The first time I went on strike as a graduate student, Fred Crews was in charge of the English Department. Fred has had a fine, distinguished career … I confess I've been especially impressed with the work he's done since going emeritus, as he has become one of the leading voices in the skeptical movement. But at the time in question, he was just a big shot professor running the department in which I wandered. Crews was a liberal sort of fellow, very collegial, and he was worried about his grad students, who were about to go on strike. He called a meeting of faculty and grad students to see if he could create some kind of coalition or something that might prevent a strike. His intentions were clearly heartfelt. But I don't suppose I'd been more pissed off in my entire graduate career as I was that day, listening to Fred Crews tell us what was best for us. He was trying to be the good father advising his children, and it was condescending beyond belief. At that point, I was a pretty non-descript grad student … I hadn't done anything particularly noteworthy. But in that meeting, I stood up and called Crews on his paternal bullshit. That he turned out to be right, that our strike was ill-advised, was not the point. The point was that when you are in charge of something, and push comes to shove, you don't get to play for both teams. In that dispute, Fred Crews was management, and he was trying to tell labor what to do. Well, fuck that.

And so, the letter from Robert Corrigan, president at San Francisco State University. It pissed me off … pretty amazing, considering I don't even work there anymore. The Chronicle article gets the gist of the letter fairly well. The email was titled "In Your Name," because Corrigan was accusing the union of nefarious deeds in pursuit of their goals. The title itself was an insult: it assumed the rank and file was too stupid to know what was being done "in our name," so the great white father would explain it to us. Corrigan attempted to establish his union credentials … "union card at 14, father a long-term shop steward, grandfather a longshoreman for 50 years" … then, to prove he understood that sometimes labor negotiations got hardcore, admitted that he was once burned in effigy. He also said that he had long ago been advised not to butt into the business of labor … "For better or for worse, Corrigan," he was told, "it is our union and our Senate, so mind your own business!" But he couldn't shut his bloody hole. So he sent the email, which included an "unprecedented request" … "urge your union leadership" … and I can stop there.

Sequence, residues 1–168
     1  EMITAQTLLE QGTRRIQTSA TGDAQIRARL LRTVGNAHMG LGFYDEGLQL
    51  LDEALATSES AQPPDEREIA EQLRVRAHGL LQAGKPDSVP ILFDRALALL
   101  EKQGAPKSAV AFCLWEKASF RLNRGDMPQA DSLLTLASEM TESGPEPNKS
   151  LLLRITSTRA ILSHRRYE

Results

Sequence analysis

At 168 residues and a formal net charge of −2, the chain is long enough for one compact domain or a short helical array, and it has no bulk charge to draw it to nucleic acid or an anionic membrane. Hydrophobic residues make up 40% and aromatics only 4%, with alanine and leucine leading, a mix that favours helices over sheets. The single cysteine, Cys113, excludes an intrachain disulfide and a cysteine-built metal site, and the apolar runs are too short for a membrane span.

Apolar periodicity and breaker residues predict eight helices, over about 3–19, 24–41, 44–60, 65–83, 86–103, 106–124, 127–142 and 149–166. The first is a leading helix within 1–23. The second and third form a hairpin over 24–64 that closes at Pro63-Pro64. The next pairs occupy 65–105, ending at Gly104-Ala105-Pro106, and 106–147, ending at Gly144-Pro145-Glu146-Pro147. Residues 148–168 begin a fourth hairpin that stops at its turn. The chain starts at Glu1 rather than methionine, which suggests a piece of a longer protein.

Because it doesn't matter what he wanted us to urge, he should have listened to that long-ago advice. It was none of his business. He is the President of a major university. I'm sure he's a fine fellow and a fine administrator, and I'm glad his father was a shop steward. But university presidents don't get to tell union members what to do with their union. You want to be in charge, have at it, but don't try to convince the rest of us that you are our best fucking friend. Because you are not.

And, in case I didn't say this enough, I speak only for myself, and outsider and observer to the current brouhaha.

sittin’, drinkin’, superficially thinkin’

The latest writing assignment I've given my students:

In "The Belief Engine," James Alcock writes, "Critical thinking, logic, reason, science -- these are all terms that apply in one way or another to the deliberate attempt to ferret out truth from the tangle of intuition, distorted perception, and fallible memory. The true critical thinker accepts what few people ever accept -- that one cannot routinely trust perceptions and memories." Alcock also lists several commonly-held beliefs that are disputed by others, including: